Or will iPhone users have to "deal with it" when it comes to Steve's choice of carriers because other carriers wouldn't meet to his demands and still other carriers were even smaller than Cingular/AT&T to provide the service the iPhone soon demanded and Apple was left with no other choice save getting into the cell phone business as a carrier themselves?

So as we all lambast AT&T for lack of service capability, let's remember, they didn't go to Apple with their data demanding, speed requiring, smartphone idea for the Mac cult population, a population that thanks to the ease of use practicality that Apple requires of its products, actually allows users to use the product and with great consistency, Apple went to them! \

Oh, and just to bring this post back into alignment with the conversation at hand regarding Apple/iPhone/Jailbreak/OS etc....

I wonder how many here posting are with the mindset, "I bought the iPhone, it's mine to do whatever I wish" are any of the same posters that won't allow Psystar to do whatever they wish to the hardware they own by "jail breaking" and adding Mac OS X to them? But, but, but Psystar sells them! And no jail broken iPhone has ever been placed for sale on EBAY or Craigslist?! But, but we're talking about modifying an Apple iPhone OS on Apple hardware, whereas Psystar "computers" aren't even Mac! I would think that makes it worse. That's like tinkering with a Porsche engine, inside the Porsche car itself versus modifying a Porsche engine and putting it into a Yugo and then advertise that this is some Yogo!

You can't run around and portray your righteousness at one and be indignant at the other, when basically talking about the same thing!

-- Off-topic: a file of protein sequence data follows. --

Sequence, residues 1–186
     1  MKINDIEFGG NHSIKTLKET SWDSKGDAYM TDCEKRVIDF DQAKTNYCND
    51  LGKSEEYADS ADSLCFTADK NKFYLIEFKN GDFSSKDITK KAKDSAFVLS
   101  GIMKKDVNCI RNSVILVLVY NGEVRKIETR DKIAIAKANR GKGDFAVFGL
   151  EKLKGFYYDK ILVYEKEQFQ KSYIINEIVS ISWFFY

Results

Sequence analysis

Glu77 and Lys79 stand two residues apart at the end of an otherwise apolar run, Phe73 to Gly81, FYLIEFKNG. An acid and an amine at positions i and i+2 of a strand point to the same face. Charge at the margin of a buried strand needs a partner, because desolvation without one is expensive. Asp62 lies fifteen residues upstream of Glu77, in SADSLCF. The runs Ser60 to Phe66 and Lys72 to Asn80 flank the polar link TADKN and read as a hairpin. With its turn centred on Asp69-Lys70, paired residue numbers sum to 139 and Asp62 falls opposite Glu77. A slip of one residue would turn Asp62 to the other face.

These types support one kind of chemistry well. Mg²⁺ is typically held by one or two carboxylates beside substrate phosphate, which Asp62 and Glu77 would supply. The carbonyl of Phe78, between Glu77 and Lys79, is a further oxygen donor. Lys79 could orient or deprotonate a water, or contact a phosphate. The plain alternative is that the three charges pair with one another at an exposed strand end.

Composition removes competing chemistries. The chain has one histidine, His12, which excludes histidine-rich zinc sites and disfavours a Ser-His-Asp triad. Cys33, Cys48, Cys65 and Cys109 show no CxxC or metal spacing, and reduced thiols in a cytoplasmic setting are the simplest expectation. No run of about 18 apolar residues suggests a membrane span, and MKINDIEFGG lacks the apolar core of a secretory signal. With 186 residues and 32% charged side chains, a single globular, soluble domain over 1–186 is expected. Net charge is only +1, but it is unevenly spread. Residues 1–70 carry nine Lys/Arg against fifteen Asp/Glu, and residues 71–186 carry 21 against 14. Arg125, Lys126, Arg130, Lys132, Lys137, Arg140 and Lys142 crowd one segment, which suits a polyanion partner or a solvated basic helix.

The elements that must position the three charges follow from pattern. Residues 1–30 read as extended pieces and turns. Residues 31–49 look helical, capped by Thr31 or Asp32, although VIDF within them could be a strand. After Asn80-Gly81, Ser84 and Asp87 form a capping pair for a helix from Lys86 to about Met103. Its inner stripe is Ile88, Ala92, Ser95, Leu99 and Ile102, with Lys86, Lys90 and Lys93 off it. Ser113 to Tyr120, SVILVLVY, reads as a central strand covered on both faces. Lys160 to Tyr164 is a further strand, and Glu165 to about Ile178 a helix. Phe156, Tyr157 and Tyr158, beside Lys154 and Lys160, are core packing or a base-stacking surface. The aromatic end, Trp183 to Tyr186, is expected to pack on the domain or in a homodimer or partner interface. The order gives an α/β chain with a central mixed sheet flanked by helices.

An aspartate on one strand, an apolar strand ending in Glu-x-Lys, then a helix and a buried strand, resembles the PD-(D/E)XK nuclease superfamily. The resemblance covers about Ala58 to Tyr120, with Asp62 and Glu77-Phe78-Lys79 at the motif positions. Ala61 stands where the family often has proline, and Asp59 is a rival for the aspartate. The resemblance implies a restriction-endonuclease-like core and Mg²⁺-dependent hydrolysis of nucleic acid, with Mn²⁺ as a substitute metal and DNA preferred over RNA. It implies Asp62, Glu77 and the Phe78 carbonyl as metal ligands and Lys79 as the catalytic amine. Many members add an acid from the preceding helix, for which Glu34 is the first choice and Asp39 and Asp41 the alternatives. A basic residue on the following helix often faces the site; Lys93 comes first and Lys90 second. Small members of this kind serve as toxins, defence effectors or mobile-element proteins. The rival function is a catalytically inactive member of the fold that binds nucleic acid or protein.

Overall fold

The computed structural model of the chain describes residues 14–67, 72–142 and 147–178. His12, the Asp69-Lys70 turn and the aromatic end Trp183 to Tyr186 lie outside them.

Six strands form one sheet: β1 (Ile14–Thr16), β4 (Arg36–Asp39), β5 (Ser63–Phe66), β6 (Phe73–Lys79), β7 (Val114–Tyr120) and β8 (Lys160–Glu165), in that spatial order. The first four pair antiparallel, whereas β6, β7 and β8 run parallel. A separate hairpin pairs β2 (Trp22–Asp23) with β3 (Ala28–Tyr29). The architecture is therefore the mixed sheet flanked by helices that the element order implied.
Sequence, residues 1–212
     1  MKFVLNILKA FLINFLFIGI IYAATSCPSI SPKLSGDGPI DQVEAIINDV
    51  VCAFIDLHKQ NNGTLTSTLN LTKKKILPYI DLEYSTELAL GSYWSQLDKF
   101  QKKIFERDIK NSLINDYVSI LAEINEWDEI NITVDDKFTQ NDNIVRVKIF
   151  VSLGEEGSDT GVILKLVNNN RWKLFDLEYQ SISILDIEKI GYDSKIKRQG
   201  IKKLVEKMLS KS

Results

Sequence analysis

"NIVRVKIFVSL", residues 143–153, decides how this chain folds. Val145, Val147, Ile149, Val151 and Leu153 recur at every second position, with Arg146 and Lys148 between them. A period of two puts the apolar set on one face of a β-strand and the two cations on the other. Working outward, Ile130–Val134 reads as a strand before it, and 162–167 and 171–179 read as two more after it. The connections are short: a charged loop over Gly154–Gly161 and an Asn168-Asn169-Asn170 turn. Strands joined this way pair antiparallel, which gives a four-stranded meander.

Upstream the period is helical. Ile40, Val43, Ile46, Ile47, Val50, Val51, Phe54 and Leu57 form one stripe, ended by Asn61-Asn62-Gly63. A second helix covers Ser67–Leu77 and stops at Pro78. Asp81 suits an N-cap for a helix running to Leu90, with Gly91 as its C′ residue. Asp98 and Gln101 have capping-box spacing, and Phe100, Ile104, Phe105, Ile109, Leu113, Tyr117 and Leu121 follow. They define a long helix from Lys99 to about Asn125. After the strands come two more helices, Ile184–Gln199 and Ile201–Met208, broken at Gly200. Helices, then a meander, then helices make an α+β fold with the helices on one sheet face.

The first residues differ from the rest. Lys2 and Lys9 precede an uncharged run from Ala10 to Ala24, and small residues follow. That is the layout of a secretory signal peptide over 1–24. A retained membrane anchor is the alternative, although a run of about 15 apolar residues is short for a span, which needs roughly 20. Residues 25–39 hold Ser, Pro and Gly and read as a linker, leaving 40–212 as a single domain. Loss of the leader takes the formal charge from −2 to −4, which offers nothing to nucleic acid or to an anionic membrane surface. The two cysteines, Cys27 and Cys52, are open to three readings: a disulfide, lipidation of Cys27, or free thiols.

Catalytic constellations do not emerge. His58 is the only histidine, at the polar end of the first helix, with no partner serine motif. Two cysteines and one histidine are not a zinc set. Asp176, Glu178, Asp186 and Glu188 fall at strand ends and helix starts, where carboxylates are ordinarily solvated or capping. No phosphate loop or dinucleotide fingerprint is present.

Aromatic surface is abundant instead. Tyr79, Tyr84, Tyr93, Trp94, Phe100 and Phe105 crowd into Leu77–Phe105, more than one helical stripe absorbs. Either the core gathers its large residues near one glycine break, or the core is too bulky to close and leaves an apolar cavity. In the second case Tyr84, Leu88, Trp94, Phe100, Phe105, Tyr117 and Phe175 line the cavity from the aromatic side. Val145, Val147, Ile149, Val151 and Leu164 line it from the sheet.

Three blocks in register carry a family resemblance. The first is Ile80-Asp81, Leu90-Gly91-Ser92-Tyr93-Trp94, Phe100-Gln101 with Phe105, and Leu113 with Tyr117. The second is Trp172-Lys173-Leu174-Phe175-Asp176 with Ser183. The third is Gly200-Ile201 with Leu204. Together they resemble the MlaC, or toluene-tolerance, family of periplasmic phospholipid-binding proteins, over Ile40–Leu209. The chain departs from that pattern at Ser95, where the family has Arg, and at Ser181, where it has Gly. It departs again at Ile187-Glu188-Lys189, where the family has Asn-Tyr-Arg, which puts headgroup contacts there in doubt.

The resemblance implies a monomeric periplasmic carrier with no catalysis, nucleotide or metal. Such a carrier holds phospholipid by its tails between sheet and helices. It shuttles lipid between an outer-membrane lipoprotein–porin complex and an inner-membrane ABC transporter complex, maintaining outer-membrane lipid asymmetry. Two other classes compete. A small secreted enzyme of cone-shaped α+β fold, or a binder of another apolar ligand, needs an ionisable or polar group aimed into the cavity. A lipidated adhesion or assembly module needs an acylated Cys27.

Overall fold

Ten years ago, we had Steve Jobs, Bob Hope and Johnny Cash.  Today we have no Jobs, no Hope and no Cash.

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Ten years ago, we had Steve Jobs, Bob Hope and Johnny Cash.  Today we have no Jobs, no Hope and no Cash.

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post #40 of 176
Quote:
Originally Posted by noexpectations View Post

These jail breakers are the root cause for all of our network problems. Just 3% of the users account for 40% of the data traffic on the 3G network (according to a recent AT&T finding). I wonder who these users are?....maybe the jail breakers?!?!?!?!

They install illegal Apps (slingbox, etc) and illegally rob the bandwidth from the rest of us. I can't check my email because the guy next to me is watching hours worth of TV shows.

What a ridiculous, ignorant comment. I jailbreak and don't use any of those applications. Jailbreaking isn't for running illegal applications, it's for having CONTROL over the device i BOUGHT, meaning I own it. Can you imagine a computer that doesn't let YOU decide what programs you want to run?

And if you can't check your email it's either user error or AT & T's shitty service. Not jailbreakers.

I guess Apple doesn't want the technical users. They'd rather have the sheep consumers that accept what they give them. I can change the way my phone looks, run apps in the background- and guess what, my battery life is just fine, show appointments, missed callls, etc on my lock screen. If Apple continues to make it difficult for me-- and others -- to control the product they own, they'll just drive us to Android. And as the phones get better, and they are already, Android will end up being the winner long term. So short-sighted on Apple's part but then, they do have a history of this type of short-term bad decision-making don't they?